I admit, I wanted to make another type of cornbread – the flat type that my mother makes on the frying pan, on the stove. I had a long phone conversation with her just for that but I gave up on her when she could only give me eyeball estimates for the measurements. Then I tried my aunt, she was better with measurements but she had a vital information (something my mother also emphasised): you can’t do that flat cornbread with regular corn flour, it has to be roasted flour. Well well, they were right, that flat cornbread turned out horrible.
So with loads of corn flour in my kitchen and a broken will to make corn bread, I googled recipes and found this rather cake-like bread in Hummingbird High blog. The result was finding myself in heaven.
Yes, the consistency of the bread feels more like a cake, a salty one. But it tastes so good when dipped in olive oil, which is my absolute favourite combination when it comes to cornbread. By the way, the flat cornbread I wanted to make tastes fan-tas-tic with fish, particularly European anchovy, which is found in abundance in Black Sea (hence that bread originating from Black Sea region in Turkey).
Flat or pouffy or round or square, corn bread tastes great no matter what. This recipe is not gluten free since corn flour is mixed with wheat flour however, soon I will also make one totally gluten free corn bread and share the recipe. In the meantime, enjoy this cake-y bread with lots and lots of olive oil and extra olives!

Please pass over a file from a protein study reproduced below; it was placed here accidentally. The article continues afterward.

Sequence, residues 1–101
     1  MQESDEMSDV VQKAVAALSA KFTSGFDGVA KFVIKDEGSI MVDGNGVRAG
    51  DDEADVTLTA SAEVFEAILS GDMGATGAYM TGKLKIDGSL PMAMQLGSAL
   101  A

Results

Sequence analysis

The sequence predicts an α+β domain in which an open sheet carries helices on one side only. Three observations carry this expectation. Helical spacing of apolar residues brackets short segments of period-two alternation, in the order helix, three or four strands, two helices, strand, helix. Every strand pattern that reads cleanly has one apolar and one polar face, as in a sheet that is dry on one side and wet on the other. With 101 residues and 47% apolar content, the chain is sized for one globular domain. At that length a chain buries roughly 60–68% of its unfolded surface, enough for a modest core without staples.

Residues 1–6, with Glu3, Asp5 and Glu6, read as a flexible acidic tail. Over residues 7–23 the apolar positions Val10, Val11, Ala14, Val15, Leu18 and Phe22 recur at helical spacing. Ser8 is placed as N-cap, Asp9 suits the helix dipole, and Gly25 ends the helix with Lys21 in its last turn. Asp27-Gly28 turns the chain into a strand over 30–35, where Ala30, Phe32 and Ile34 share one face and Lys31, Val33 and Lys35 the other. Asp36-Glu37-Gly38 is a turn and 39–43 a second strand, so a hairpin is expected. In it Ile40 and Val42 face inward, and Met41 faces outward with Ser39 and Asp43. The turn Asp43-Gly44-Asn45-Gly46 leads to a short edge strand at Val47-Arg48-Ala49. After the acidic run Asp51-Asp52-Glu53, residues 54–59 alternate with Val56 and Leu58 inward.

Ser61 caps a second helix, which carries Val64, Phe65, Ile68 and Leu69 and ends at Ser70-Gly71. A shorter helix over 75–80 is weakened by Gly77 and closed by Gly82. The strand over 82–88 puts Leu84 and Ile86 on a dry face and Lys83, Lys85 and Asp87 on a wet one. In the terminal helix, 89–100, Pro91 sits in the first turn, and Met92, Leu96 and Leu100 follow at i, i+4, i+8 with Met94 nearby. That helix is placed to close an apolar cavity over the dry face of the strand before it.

Difficulty: ★★☆ (Medium)
3.5 cups / 8.4 dl. corn flour
1.75 cups / 4.2 dl. white flour
1.5 tbsp / 22.5 ml. baking powder
2.5 tsp / 12.5 ml. salt
1.4 cups / 3.3 dl. granulated white sugar
2.25 cups / 5.4 dl. whole milk
5 eggs, in room temperature
1.25 cups / 285 gr. butter, melted
(To my fellow expats in Finland: if you have problems with the Finnish word for any of these ingredients, check my mini Finnish-English dictionary: https://mydearkitcheninhelsinki.com/2015/06/05/a-mini-finnish-english-dictionary-for-your-food-related-vocabulary/)
1. Preheat your oven to 210C. Grease your mould and cover with baking sheet, put aside.
2. In a mixing bowl, put all the dry ingredients except sugar and just mix a bit.
3. Put sugar, milk and eggs in a bowl and whisk until they are fully incorporated.
4. Add melted butter into the egg mixture and whisk continuously (melted butter will be warm and if you don’t mix constantly, you might scramble the eggs) until fully incorporated.
5. Make a well in the middle of flour mixture and pour the wet ingredients mixture in it. Fold it until all dry ingredients get wet. It is going to be a thick batter, but I suggest you just do it by hand, you don’t use any mixer. If you use mixer, it might get to be a too hard bread in the end.
6. Pour the batter in the mould and bake for about 35-40 minutes, until a toothpick inserted in the middle comes out clean. When baked, take it out of the oven and let it cool for about 5 minutes in the mould. Then take it out of the mould and let it cool down to room temperature before serving. Serve together with olive oil to dip it in (optional).